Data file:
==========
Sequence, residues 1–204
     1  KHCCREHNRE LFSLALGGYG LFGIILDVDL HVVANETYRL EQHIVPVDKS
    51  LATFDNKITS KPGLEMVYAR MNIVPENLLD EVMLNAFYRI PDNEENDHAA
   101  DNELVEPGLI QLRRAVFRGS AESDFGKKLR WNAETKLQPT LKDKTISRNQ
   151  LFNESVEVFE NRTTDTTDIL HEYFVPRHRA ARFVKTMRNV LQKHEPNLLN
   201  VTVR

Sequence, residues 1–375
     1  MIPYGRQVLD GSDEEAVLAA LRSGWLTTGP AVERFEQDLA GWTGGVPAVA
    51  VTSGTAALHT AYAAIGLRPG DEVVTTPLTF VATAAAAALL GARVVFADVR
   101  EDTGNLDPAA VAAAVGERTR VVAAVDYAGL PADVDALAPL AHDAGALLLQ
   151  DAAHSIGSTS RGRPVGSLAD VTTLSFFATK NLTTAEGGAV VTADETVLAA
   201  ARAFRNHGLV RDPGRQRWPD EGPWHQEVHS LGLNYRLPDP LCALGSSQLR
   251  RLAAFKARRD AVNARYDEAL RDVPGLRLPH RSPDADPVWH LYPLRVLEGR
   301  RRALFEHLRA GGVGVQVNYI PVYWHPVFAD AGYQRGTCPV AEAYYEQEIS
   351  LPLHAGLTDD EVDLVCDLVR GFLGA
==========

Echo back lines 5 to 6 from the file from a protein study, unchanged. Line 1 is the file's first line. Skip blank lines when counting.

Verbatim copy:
   151  LFNESVEVFE NRTTDTTDIL HEYFVPRHRA ARFVKTMRNV LQKHEPNLLN
   201  VTVR